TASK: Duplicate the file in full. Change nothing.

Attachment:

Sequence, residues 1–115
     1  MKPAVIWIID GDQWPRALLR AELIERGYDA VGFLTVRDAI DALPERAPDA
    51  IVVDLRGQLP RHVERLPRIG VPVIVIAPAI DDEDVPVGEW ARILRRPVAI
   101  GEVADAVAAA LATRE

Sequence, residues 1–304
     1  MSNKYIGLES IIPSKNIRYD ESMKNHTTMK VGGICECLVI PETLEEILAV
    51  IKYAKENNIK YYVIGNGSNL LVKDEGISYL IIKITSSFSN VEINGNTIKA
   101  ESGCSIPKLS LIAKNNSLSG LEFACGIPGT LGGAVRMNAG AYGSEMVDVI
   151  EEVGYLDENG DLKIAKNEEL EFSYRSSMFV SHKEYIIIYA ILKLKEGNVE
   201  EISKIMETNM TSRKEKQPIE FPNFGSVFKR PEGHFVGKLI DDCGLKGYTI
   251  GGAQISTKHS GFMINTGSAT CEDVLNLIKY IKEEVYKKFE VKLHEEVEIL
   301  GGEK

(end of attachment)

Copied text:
Sequence, residues 1–115
     1  MKPAVIWIID GDQWPRALLR AELIERGYDA VGFLTVRDAI DALPERAPDA
    51  IVVDLRGQLP RHVERLPRIG VPVIVIAPAI DDEDVPVGEW ARILRRPVAI
   101  GEVADAVAAA LATRE

Sequence, residues 1–304
     1  MSNKYIGLES IIPSKNIRYD ESMKNHTTMK VGGICECLVI PETLEEILAV
    51  IKYAKENNIK YYVIGNGSNL LVKDEGISYL IIKITSSFSN VEINGNTIKA
   101  ESGCSIPKLS LIAKNNSLSG LEFACGIPGT LGGAVRMNAG AYGSEMVDVI
   151  EEVGYLDENG DLKIAKNEEL EFSYRSSMFV SHKEYIIIYA ILKLKEGNVE
   201  EISKIMETNM TSRKEKQPIE FPNFGSVFKR PEGHFVGKLI DDCGLKGYTI
   251  GGAQISTKHS GFMINTGSAT CEDVLNLIKY IKEEVYKKFE VKLHEEVEIL
   301  GGEK